JACKSON, Miss. (AP) — A pack of Marlboros at a convenience store near the Mississippi Capitol costs about $4.99, which includes tax. If the Legislature chooses one possible option for a cigarette tax increase, the same pack could run $5.31.
For a person who smokes a pack a day, that's a difference of nearly $115 every year.
The push for a Mississippi tobacco tax increase has been building for months, with dozens of health advocacy groups urging the Legislature to make the cost of smoking higher as a way of pricing smokers out of the unhealthy habit.
Some legislators followed through, drafting five bills to raise taxes from their current 68 cents per pack to at least $1 per pack. For instance, Senate Medicaid Committee Chairman Brice Wiggins's Senate Bill 2701 would have increased cigarette taxes and directed the extra revenue that would be generated — potentially over $200 million a year — to help cover state Medicaid costs.
Despite legislators' and lobbyists' efforts, none of the bills survived deadlines. Revenue bills had to be passed by either the House or Senate by last Wednesday.
However, a bond bill that still survives could be amended later to increase cigarette taxes. As it stands, Senate Bill 3048 makes no change to current taxes, but by pushing it through before deadline, there remains the possibility of adding such a change before the final deadline for revenue bills in late March. The bill goes to the House for more consideration.
Senate Finance Committee Chairman Joey Fillingane told The Associated Press that the goal of those pushing the higher tobacco tax is not to increase state revenue. Instead, in a state with high rates of obesity, diabetes and heart disease, Fillingane said tamping down smoking by making it more expensive could be one way to improve Mississippians' health.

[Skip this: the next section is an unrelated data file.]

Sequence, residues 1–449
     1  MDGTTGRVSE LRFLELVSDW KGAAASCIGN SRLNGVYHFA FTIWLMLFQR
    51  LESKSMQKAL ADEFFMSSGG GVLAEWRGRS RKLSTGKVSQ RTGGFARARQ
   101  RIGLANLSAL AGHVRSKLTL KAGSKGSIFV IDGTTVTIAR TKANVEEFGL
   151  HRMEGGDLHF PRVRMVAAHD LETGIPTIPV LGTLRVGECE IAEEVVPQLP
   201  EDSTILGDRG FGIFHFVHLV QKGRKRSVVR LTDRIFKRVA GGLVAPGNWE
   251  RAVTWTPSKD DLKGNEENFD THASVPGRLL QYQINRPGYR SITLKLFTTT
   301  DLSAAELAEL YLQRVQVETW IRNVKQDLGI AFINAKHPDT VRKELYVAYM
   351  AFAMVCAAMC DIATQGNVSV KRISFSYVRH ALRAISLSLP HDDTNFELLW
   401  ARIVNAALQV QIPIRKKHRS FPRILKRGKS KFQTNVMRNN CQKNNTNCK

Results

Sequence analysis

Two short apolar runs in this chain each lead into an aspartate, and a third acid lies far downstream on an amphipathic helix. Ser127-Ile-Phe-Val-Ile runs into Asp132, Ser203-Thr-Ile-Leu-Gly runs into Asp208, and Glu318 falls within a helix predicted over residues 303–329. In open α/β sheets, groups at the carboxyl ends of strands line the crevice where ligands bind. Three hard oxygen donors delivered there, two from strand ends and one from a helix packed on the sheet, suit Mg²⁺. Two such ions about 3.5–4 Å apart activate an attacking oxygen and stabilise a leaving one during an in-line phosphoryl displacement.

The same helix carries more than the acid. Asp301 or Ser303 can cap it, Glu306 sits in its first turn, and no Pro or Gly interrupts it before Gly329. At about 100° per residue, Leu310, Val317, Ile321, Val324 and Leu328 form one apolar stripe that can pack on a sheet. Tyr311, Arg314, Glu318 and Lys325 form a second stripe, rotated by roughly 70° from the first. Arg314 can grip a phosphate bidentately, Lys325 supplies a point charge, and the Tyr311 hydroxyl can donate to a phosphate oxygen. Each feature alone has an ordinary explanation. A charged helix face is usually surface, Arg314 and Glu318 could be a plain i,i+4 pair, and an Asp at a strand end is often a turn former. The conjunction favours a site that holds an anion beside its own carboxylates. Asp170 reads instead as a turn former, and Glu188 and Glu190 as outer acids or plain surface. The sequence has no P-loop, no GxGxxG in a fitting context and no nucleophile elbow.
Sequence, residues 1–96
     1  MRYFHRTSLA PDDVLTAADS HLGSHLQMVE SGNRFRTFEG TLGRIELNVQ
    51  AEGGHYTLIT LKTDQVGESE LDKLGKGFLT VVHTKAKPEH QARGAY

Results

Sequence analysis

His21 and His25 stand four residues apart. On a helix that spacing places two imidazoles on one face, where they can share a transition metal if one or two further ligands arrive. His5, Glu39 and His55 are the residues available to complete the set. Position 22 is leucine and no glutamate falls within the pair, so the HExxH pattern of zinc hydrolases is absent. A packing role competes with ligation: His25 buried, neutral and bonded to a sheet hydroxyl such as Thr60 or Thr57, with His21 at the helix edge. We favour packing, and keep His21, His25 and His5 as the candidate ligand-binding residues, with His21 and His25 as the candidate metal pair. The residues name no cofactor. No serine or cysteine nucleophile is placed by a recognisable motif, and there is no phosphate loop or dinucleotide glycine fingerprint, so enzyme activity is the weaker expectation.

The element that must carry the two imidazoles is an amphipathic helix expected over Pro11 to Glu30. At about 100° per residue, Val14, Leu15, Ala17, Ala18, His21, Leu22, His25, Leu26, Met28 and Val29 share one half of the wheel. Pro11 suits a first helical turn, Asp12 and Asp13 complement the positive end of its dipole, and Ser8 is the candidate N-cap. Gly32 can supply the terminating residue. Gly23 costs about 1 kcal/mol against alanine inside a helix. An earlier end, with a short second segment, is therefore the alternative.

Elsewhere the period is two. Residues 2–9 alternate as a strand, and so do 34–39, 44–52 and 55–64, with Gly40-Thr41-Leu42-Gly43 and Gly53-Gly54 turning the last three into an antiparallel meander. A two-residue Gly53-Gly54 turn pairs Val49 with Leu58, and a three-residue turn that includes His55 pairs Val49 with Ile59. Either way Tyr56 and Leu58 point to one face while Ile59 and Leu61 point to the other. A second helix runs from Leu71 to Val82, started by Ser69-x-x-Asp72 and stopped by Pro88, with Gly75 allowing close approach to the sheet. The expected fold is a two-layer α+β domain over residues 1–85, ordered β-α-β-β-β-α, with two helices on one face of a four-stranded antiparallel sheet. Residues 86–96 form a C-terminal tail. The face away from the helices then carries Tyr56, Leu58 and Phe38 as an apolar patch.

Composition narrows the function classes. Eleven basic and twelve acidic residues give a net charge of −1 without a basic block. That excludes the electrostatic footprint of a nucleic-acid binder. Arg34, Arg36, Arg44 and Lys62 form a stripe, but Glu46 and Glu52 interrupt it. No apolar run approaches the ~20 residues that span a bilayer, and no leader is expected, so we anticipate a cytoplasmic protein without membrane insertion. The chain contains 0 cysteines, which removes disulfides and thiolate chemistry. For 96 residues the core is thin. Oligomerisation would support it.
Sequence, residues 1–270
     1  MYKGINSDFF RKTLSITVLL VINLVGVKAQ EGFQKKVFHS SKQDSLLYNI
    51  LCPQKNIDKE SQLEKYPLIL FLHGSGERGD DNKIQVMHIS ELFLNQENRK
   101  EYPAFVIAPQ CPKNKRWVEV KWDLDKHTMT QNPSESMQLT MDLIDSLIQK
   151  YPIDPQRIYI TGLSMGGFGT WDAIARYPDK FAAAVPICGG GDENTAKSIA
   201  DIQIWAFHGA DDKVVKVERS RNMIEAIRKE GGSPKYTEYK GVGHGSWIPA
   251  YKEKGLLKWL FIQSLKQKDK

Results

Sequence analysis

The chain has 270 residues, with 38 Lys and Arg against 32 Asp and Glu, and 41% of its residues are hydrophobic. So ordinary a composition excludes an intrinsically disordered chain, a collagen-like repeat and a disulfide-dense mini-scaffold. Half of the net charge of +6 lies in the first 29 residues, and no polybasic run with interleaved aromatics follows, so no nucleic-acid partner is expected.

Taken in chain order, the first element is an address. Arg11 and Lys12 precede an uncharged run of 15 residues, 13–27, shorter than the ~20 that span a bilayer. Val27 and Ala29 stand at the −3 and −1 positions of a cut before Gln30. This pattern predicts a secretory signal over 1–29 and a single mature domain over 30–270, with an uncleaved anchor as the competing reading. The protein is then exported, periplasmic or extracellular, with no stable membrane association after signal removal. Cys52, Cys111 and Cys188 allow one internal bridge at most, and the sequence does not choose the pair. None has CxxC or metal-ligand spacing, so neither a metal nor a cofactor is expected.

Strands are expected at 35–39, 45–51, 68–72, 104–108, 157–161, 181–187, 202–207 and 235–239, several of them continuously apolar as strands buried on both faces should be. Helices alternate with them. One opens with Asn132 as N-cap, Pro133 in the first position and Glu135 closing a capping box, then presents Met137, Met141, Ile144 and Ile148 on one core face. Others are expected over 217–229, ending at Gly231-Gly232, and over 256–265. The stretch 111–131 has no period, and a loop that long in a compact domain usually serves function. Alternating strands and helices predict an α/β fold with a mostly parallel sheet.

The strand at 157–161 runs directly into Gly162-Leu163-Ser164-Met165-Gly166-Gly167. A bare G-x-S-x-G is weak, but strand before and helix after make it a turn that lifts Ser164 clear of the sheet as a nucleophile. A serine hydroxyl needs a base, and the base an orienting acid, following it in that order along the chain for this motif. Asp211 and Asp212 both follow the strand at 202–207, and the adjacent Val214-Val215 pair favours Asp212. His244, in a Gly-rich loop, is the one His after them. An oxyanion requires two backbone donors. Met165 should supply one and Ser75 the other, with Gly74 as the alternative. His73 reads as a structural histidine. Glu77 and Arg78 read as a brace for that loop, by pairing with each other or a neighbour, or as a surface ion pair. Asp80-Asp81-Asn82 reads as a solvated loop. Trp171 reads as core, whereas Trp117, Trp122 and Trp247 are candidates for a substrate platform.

Fillingane, a Republican from Sumrall, did not disclose how he would vote on an increase, though he did say in a November interview with AP that advocates' original push to increase the tax to $1.50 per pack is "extraordinarily high."
Compared to the rest of the United States, Mississippi's cigarette tax is low, with the 39th highest cigarette taxes. Connecticut comes in first place at $4.35 a pack, and Virginia last at 30 cents a pack.
Mississippi's rate is more comparable to some of its neighboring states. To the north, Tennessee's tax is 62 cents per pack, and to the east, Alabama's is 67.5 cents. Louisiana and Arkansas's rates are $1.08 and $1.15 per pack, respectively.